OK, so I went to Taiwan over the weekend. Typical Japanese style holiday. Leave Friday night, have fun for a day, then come back the following day. Not my kind of trip, but what can you do?

The weather was notably miserable. Non stop rain for the first ~24 hours after arrival. We went up the famous Taipei 101 nonetheless. Obviously there was nothing to see out the window but clouds. The damper was mildly interesting. The elevator was surprisingly fast, about 60kmph if I recall correctly. However, this did not seem to help with the wait to get on it (15 minutes up and down).

The hotel (Hotel New World) was better than I expected. It worked out at about 7000 yen a night. The only bad thing was the mosquitoes. There were at least 15 of the little buggers, and they kept streaming in from somewhere.

We also went clubbing for a few hours (Room 18). Nothing out of the ordinary there. I was playing around with my camera to avoid dancing with anyone and pass the time. It cost about 2000 yen to get in, with one free drink. Kind of a waste of money but the wife wanted to go….

The food in Taiwan was great. The dumplings and pork buns were the best I have ever had. Midnight snacks from the night markets were also really tasty and crazy cheap. I did notice that there was an abundance of fried foods. Not only the usual ones like chicken, but also bread. I even saw someone wrap some fried bread in more fried bread – for breakfast. Not the most healthy food, but damn tasty.

The second best thing about Taiwan was the taxis. They are so much better than taxis in Japan. They are not only significantly cheaper, the cars are newer, have younger drivers (as in not senile) and like all drivers in Taiwan (Or at least Taipei) ignore most of the road signs. Speed limits do not seem to be an issue, nor do red lights or hundreds of scooters. The base charge was $70 (about 200 yen) – the most we were charged for going across the city was around $200 (600 yen)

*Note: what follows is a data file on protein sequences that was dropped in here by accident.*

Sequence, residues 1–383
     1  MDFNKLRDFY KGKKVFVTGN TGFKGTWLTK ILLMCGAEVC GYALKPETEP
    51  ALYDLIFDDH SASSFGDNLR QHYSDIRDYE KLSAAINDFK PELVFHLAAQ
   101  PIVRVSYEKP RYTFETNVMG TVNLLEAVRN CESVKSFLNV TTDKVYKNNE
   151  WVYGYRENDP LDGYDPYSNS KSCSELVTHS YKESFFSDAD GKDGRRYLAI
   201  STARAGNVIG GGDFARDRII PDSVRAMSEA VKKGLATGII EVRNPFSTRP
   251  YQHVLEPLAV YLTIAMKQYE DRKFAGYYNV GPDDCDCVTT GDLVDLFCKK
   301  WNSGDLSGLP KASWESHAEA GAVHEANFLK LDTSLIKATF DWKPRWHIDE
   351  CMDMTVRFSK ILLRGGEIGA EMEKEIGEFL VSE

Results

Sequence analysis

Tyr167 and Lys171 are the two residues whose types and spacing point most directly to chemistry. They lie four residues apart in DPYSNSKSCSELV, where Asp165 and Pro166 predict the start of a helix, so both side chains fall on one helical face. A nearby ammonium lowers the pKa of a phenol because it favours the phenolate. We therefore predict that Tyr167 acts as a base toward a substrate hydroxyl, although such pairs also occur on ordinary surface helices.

One other thing that was annoying other than the weather, was the smell. There were so many new smells. Many were pleasant and interesting, but every once in a while I would come across a smell that would make my insides turn. I came across one such smell at a night market, near where they were selling food. Words could not accurately describe this smell, but if you could image a laundry drain pipe (those that have grey gunk sticking everywhere) filled with the remains of a dead animal that had been left in the sun to ripen, you might come close to the intensity of the smell.

It was not an uncommon sight to see dogs lying around the place. Most were sleeping, but a select few were doing their business on the roads or pavements.

This brings me to the most disappointing part of my trip. Prices of electronic / computer products. I assumed that because many of the computer products I buy come from Taiwan, it would mean they would be cheaper. This was not the case. The SD cards and motherboard I was planning on buying cost almost exactly the same as they would in Japan. So, I ended up not buying anything I had planned on buying. This also sucked because when I changed my Taiwanese dollars back to yen, I lost about 4000 yen due to the exchange rate.

To finish up I should talk about the people. I don’t know how to put this bluntly, but I found the Taiwanese to be extremely pushy. For example. when we were lining up to check our photo (in Taipei 101). Two people pushed right past us without even saying a word, to join their friends at the front of the line. The same behavior was apparent with the traffic on the roads. If you need to get somewhere, just push your way through.

These observations are obviously lacking as I was barely there for two days, but you know what they say – first impressions last. If I were to give the trip a rating from 1 to 10, it would be a 5.5.